Thursday, January 23, 2014

Cambodian women are revolting!


Yorm Bopha  (left, holding flag) and Tep Vanny (right, fist in air)

Two very courageous young Cambodian women – land rights activists Tep Vanny and Yorm Bopha – were arrested on Tuesday this week as they sought to deliver petitions to the US , Australian and other embassies in Phnom Penh.

Tep Vanny arrested outside US Embassy

Along with 100 or so like-minded activists – the majority of them women – Tep Vanny and Yorm Botha were requesting assistance from the international community in securing the release of 23 garment factory workers arrested earlier this month during a demonstration that saw five striking workers killed when the Cambodian army opened fire on them. (Australia provides military aid to Cambodia, so our hands are not entirely clean!)

Cambodian soldiers shoot striking factory workers

Tep Vanny and Yorm Bopha have each been arrested many times before - for protesting their community’s forced eviction from their homes and land in central Phnom Penh. Approximately 3,500 families, around 17,500 people in the Boeung Kak community have been displaced since 2008 – along with 10s of thousands of other poor Cambodians living in Phnom Penh.

Union leader strangled as he is arrested this week

The Boeung Kak community did not just lose their homes and land. They also lost the lake around which their homes and community were built – including backpackers hotels, hotels, restaurants and markets that provided Phnom Penh with a significant part of its unique character.

The lake and the adjacent lands were sold by the government for $79 million, in breach of its own Land Laws, to a company run by the wife of a Hun Sen government Senator  and friend of the Cambodian Prime Minister. The lake was then filled with sand so that condominiums can be built on what is now a very valuable downtown real estate. Some residents received $8,000 in compensation for the loss of their homes, land and livelihoods. Most received nothing at all.

One of Tep Vanny's many arrests

$79 million represents a healthy proportion of the $100 million or so that Australia will provide Cambodia in foreign aid this year. If Hun Sen and the corrupt band of gangsters that run the country really were in need of an extra $79 million (in addition to the $18 billion in aid the country has received this past 20 years) it is a shame that the international donor community did not simply outbid the Senator’s wife and donate the lake to the Boeung Kak community and the people of Cambodia.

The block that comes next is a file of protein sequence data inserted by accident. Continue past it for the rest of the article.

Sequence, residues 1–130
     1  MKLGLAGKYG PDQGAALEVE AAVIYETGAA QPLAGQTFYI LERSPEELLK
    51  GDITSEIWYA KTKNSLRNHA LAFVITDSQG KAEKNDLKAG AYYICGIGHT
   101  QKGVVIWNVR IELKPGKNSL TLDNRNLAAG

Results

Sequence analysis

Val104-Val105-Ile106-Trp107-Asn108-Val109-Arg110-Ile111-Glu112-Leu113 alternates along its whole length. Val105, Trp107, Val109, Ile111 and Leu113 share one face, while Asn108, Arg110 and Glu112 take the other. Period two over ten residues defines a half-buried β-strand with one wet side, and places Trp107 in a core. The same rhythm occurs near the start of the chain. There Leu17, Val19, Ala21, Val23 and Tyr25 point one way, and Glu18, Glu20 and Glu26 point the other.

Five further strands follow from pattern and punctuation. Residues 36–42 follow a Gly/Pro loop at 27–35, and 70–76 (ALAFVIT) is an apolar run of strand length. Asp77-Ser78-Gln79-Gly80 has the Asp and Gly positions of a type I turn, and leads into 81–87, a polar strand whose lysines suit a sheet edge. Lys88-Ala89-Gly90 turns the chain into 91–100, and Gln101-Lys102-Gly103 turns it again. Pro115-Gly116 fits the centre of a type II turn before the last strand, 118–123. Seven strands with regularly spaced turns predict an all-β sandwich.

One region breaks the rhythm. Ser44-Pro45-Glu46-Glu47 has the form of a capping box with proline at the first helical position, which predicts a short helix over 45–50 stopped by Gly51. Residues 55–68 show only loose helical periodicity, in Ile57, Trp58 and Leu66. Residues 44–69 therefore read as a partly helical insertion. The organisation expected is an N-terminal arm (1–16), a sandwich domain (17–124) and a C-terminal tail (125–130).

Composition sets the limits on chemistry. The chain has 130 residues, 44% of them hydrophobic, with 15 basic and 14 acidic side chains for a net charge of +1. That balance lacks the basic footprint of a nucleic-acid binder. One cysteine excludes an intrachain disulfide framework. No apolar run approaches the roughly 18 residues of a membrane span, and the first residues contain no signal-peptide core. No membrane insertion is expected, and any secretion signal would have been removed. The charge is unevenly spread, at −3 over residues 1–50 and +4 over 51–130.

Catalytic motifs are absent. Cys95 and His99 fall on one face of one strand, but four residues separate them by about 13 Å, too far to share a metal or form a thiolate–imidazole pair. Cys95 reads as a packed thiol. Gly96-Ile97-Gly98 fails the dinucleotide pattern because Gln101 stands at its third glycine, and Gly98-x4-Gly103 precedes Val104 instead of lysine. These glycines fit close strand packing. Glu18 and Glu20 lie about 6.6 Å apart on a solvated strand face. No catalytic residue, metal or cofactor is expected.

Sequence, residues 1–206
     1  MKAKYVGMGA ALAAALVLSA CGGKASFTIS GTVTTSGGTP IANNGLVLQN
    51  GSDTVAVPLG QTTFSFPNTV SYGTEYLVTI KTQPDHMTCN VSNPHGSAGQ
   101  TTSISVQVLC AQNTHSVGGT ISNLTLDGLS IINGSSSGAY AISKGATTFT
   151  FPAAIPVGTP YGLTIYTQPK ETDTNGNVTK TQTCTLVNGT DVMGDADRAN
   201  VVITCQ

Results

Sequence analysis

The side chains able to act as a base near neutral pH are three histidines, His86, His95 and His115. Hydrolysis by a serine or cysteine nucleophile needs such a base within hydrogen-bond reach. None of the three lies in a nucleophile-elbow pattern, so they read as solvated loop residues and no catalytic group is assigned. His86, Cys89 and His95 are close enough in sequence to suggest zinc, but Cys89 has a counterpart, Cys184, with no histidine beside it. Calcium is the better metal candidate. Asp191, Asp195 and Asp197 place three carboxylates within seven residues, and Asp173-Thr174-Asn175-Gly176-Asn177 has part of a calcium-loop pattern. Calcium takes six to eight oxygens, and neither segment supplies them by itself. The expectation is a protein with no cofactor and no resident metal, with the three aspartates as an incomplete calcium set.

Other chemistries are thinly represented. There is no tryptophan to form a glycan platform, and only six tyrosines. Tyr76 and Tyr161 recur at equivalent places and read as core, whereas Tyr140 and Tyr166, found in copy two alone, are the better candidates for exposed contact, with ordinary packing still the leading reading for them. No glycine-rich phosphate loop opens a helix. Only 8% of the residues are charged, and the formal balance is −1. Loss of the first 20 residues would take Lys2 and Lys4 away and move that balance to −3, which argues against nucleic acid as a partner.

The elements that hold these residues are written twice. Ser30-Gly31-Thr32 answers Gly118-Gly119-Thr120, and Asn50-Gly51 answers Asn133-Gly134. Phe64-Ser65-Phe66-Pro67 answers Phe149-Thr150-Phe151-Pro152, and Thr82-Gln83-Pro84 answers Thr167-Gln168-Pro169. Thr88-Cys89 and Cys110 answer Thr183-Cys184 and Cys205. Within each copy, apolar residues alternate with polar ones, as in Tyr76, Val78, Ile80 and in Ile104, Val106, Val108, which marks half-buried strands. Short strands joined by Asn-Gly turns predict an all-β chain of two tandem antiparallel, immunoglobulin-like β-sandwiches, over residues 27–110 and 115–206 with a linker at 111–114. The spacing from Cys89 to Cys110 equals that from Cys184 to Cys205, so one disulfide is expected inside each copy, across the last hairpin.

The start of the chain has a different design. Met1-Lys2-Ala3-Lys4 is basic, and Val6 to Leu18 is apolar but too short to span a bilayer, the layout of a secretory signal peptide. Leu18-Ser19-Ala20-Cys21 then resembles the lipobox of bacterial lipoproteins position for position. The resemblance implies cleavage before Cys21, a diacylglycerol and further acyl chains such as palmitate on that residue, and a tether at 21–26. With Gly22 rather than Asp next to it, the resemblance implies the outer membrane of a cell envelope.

In addition to being beautiful and the focal point of the community, Boeung Kak lake served the ecologically important role as a catchment for excess water during the monsoon season and thus limited flooding in Phnom Penh. Now, because the excess water must go somewhere, it flows – along with excrement, rubbish and sand, into the homes in the area surrounding what was once a lake. No doubt some NGO will now step up to the plate to finance the solving of the flooding and other problems created by what, in essence, has been the Cambodian government’s theft of the land and homes of Cambodian people! It is a key role of NGOs to clean up the messes created and the social wounds caused by the corrupt Hun Sen dictatorship.

Yorm Bopha and Tep Vanny deliver petition to Malaysian Embassy

The arrests of Vanny and Bopha and 9 others earlier this week by black crash-helmeted baton-wielding members of Hun Sen’s Darth Vader Goon Squad was intended to intimidate  the small number of demonstrators defying Hun Sen’s recent ban on public gatherings.  This became apparent when they were released later in the day.

The day before Vanny and Bopha’s arrests Hun Sen had the following to say about the fact that he had not, to date, cracked down on gatherings of more than 9 people:

“Previously the CPP (Cambodian People’s Party) did not use the force of its supporters and some people said that  if the CPP comes out, there will not be so many people – like a handful of monkeys. If Hun Sen comes out to do something , it’s not going to be small. Action will be taken when it is time to do it. So be clear about that. That’s not a threat, it’s the implementation of the law. Do you want to know or try a taste?”

Striking factory workers experiences a 'taste' of Hun Sen's justice